Land ho! North GA Mountains on the Block?

Market forces put North Georgia mountains on auction block

Prepare to see more wild bears in downtown Atlanta.

A deal between one of the South's largest timberland owners and Wachovia Bank's land speculation division could make it a lot easier to turn the North Georgia mountains into Atlanta's suburbs.

Timber company Bowater Inc. sold more than 82,000 acres of Appalachia country to Wachovia's Evergreen Timberland Investment Management division in May.

The land Wachovia now owns is massive, stretching across 12 counties — Bartow, Catoosa, Cherokee, Dade, Floyd, Gilmer, Gordon, Murray, Pickens, Polk, Walker and Whitfield.

The land in those counties is prime real estate for speculators hoping to make a buck off the North Georgia development boom. The construction explosion cuts into the area's wilderness — which naturally forces animals to seek out new homes. And, if the usual pattern is followed, the development will strain the infrastructures — from schools to cops to sewers — of rural mountain communities.

The sale includes 10,500 acres of the Coosawattee Wildlife Management Area around Carters Lake, southwest of Ellijay. One of the larger developments planned for that area, named Tranquility, is 3,300 acres, sliced into 219 home plots.

The Wachovia/Bowater deal is the latest in a series of enormous timberland sales. Just two weeks ago, the MeadWestvaco paper company put all of its land in Meriwether County on the auction block, and when it did, 10 percent of the county was up for grabs.

Timber companies, facing the convergence of several phenomena, are dumping their lands at historic levels.

The industry's problems began with the dot-com bubble and its hyper-inflated stock values. To jack up the stock values of regular bricks-and-mortar companies, so they could compete for investors with the tech companies, a massive consolidation wave was generated, according to Bob Izlar, director of the Center for Forest Business at the University of Georgia.

Large timber companies merged into even bigger companies. One of the side effects of mega-mergers is that the new and improved super-companies are ridden with debt.

At the time, large amounts of debt weren't a worry for the timber industry because the price of timber was at an all-time high.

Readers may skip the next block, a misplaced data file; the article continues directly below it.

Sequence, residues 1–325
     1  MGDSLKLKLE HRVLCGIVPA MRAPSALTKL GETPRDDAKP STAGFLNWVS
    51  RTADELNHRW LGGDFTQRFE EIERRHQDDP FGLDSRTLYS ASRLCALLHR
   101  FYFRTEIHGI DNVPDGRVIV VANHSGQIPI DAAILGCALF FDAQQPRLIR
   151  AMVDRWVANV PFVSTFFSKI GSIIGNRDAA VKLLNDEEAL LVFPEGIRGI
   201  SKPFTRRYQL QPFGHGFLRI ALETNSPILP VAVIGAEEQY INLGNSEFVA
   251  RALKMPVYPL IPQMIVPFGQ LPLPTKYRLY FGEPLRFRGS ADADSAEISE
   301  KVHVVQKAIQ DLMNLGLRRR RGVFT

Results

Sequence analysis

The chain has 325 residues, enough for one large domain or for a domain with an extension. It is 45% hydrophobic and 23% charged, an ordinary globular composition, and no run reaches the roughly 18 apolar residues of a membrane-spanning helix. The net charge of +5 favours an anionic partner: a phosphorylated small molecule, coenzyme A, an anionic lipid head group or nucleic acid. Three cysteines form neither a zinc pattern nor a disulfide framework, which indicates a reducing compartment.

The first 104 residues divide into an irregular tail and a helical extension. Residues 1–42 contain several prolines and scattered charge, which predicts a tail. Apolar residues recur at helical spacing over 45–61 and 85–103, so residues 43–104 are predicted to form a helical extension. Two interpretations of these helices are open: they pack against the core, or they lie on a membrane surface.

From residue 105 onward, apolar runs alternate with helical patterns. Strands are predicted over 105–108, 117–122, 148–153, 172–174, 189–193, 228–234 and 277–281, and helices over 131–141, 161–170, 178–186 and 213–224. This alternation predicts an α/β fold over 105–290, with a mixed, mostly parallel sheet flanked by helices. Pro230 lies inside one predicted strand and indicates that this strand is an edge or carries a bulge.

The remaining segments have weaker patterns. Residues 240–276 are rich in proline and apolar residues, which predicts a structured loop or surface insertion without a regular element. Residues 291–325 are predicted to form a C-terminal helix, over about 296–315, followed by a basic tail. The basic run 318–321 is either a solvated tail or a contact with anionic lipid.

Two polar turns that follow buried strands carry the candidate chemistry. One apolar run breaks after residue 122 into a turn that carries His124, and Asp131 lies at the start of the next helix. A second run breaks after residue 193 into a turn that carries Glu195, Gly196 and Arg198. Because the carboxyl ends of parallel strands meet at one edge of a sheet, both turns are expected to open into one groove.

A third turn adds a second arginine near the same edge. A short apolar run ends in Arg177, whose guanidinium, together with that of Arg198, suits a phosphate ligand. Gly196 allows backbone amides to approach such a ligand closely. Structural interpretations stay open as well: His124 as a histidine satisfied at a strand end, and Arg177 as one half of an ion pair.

But since 1998, timber prices have dropped by 30 percent, mainly due to a flood of cheaper Canadian lumber, Izlar says.

At the same time the timber market bottomed out, land values in North Georgia rose because of Atlanta's crawl ever north and the explosion of vacation and second-home construction. Facing rising property taxes, mountains of debt and a poor market, timber companies were forced to liquidate the only asset they could move for quick cash: timberland.

Gordon Manuel, Bowater's director of government affairs, explains the Wachovia sale like this: "We sell the timberlands for lands not strategically important for us, take the cash from the sale and put it back into company to put down debt or buy back stock. It's a better use of our assets."

More than 1.2 million acres of Southeastern forest land were sold in 2002, according to Timber Mart-South newsletter. The deals were worth almost $975 million.

So far this year, timber companies have sold about 300,000 acres, worth $157 million, and that's not counting MeadWestvaco's land.

Most of the land went to investment firms such Wachovia's Evergreen division.

The $64,000 question is: What are Wachovia and the other land speculators going to do with all that land?

It's hard to imagine the fourth largest bank in the country setting the land aside for future generations to enjoy. Priority one is to make a buck. Investors are looking for a handsome return and the market in North Georgia right now dictates that the land be developed.

"Whenever timber companies liquidate their land, especially if it goes to a bank, there's only one thing that's going to happen and that's development," says Brent Martin, executive director of Georgia Forest Watch, an activist group working to protect the forests of North Georgia.

"I'd rather Bowater cut a few hundred acres every 20 years than lose 82,000 acres to sprawl. Unfortunately, that's what's going to happen."

But not all of the 82,000 acres is attractive to developers — much of the land is far from the region's high growth areas.

Wachovia will likely keep large parcels intact for years, let the land value climb, and hold out for the day when timber prices spike again.

And, the bank already has a stable of reliable customers. The timber companies, flush with cash from the sale of their lands, still need wood fiber for their paper mills. "We sign long-term contracts with [the companies that bought Bowater's land] that will be giving us assurance to provide fiber to our operations," Manuel says.

Interpreted: Timber companies sell off their tree supply, and then buy back those same trees at a higher price. That may seem short-sighted, but companies have to please their investors — by any means necessary.